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Author: Nguyen Khac Giang, Victoria University of Wellington

The Mekong region started 2021 with a blow as the Myanmar military overthrew the country’s democratically elected government. The coup, which ironically happened on the 10th anniversary of Myanmar’s democratisation, cast a grim outlook over the region’s political landscape in 2021, which was also marred by COVID-19 and the great power competition between the United States and China.

The return to military dictatorship in Myanmar is an extreme case, but not the sole incident that marked a sharp authoritarian turn in the region. Thailand, despite ostensibly returning to democracy after the 2019 election, maintains an entrenched authoritarian regime with the increasing use of repressive tactics against protesters and the opposition. Cambodia has also transitioned from competitive to hegemonic authoritarianism with Prime Minister Hun Sen — the longest serving ruler in the world — becoming a king-like leader who recently mandated his son to take over his position in the future.

The region’s two communist regimes, Vietnam and Laos, organised their quinquennial party congresses where the top leaders were selected in early 2021. The results were not encouraging for those who wanted to see greater political change. In Vietnam, the 77-year-old party apparatchik Nguyen Phu Trong broke the two-term limit to become the Communist Party of Vietnam’s general secretary for a third time in a row amid stalled reforms and increasing repression of civil society. Laos promoted the 75-year-old Thongloun Sisoulith to the country’s top post.

Political regression could not have come at a worse time as the region struggled to deal with COVID-19. After a relatively successful 2020, the region was struck hard by the Delta variant which led to millions of infections and over 75,000 deaths. While Cambodia, Thailand and Vietnam have fully inoculated at least 65 per cent of their population, Laos struggles to reach 50 per cent. Less than 25 per cent of Myanmar’s population have received two doses.

Lockdown and border closures have also devastated the region’s export-led, labour-intensive and service-oriented economies. Exports bounced back in 2021 due to governments being less willing to apply harsh measures, but this growth was based on the low point of 2020. GDP growth in Thailand and Vietnam, the two economic powerhouses of the Mekong region, is estimated at modest rates of 1 per cent and 2.58 per cent respectively. Home to a young population of 250 million, finding a swift recovery is the region’s most urgent policy target in 2022.

Economic vulnerability and authoritarian tendencies amplify the region’s dilemma in navigating intensifying US–China competition. China continues to be the region’s biggest economic partner, yet its growing political influence and aggression — both on economic and maritime fronts — cause real concerns for some Mekong leaders, who understand that the economic coercion campaign against Australia could be used whenever Beijing wants to ‘teach them a lesson’.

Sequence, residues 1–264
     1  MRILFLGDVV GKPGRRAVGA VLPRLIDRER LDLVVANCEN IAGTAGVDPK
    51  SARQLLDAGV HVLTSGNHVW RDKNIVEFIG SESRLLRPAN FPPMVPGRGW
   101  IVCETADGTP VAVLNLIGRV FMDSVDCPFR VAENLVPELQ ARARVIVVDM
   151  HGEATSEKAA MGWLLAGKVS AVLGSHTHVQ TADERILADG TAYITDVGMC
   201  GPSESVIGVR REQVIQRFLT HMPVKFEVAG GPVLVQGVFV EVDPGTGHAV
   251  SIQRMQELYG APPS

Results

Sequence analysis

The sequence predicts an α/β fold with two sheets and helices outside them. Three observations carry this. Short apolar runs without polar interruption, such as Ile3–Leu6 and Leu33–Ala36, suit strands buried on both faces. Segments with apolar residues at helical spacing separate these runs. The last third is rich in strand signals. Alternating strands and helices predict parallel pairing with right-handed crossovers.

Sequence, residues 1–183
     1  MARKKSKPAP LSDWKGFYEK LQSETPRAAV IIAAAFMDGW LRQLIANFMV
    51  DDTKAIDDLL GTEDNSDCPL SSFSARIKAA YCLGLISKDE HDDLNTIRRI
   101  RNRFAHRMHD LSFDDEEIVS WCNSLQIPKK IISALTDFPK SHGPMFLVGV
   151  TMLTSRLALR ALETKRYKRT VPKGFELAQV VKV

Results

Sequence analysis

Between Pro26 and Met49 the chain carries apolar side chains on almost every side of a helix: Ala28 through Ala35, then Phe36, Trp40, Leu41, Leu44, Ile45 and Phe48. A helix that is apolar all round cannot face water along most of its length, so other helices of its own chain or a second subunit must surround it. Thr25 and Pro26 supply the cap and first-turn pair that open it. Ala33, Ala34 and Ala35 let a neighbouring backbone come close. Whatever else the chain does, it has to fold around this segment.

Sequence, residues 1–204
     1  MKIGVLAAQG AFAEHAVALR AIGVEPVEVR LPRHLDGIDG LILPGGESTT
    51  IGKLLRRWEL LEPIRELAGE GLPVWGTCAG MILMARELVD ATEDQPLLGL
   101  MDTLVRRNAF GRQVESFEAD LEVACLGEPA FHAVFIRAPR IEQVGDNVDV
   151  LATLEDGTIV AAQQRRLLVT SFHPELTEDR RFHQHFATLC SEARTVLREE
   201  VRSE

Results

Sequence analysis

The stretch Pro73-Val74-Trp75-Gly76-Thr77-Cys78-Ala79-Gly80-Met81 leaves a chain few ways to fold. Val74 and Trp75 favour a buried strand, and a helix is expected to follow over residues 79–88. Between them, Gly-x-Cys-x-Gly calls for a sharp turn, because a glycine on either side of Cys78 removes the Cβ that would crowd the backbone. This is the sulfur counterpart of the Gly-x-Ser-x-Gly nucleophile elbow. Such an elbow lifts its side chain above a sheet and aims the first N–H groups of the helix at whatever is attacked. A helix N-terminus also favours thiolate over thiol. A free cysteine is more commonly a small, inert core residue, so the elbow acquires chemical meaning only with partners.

The United States remains the favourite partner. But despite Washington’s support for regional development, particularly its enormous vaccine donations, Mekong capitals question US commitment. Its lacklustre role on the Myanmar issue, the disquiet with Thailand over its eroding democratic situation and the recent arms embargo against Cambodia show anything but effective engagement.

Despite security concerns, Mekong countries need Beijing’s deep pockets to boost their underdeveloped infrastructure and revive their damaged economy. China has used economic leverage to gain influence in Cambodia, secure Laos’ economic overreliance and start rapprochement with Myanmar’s military junta. An overreliance on China in the region poses bleak prospects for democracy. There are already signs of regional regimes learning repressive tactics from China, from the application of cybersecurity laws to the harsh treatment of civil society.

With low vaccination rates — particularly in Laos and Myanmar — and overstretched public health systems, the region remains vulnerable to new variants of COVID-19.

The Myanmar crisis is the biggest security threat to the Mekong region, threatening its own residents as well as creating instability across its borders with the exodus of refugees and a booming drug trade. Geopolitical tensions might escalate and sow division among regional countries, particularly as Cambodia — Beijing’s ‘ironclad brother’ — takes over the chairmanship of ASEAN and China prepares for the 20th Chinese Communist Party Congress in 2022. The last time these two events coincided a decade ago, ASEAN was thrown into discord amidst China’s aggressive actions in the South China Sea.

In addition to imminent risks, the region faces long-term existential threats from climate change and other human-made activities such as the damming of the Mekong River. But Mekong leaders find no motivation to act with the necessary urgency.

Excluding Vietnam and Cambodia, no other countries in the Mekong region committed to any pledges at the COP26 climate summit. As China, the biggest builder of mega-dams, continues its thirst for hydropower to reach its target of becoming carbon-neutral by 2060, millions of people downstream in the region will find it increasingly difficult to maintain their livelihoods in the years to come.

Nguyen Khac Giang is a PhD candidate at Victoria University of Wellington.

This article is part of an EAF special feature series on 2021 in review and the year ahead.

The post Authoritarianism amplified in the Mekong region first appeared on News JU.

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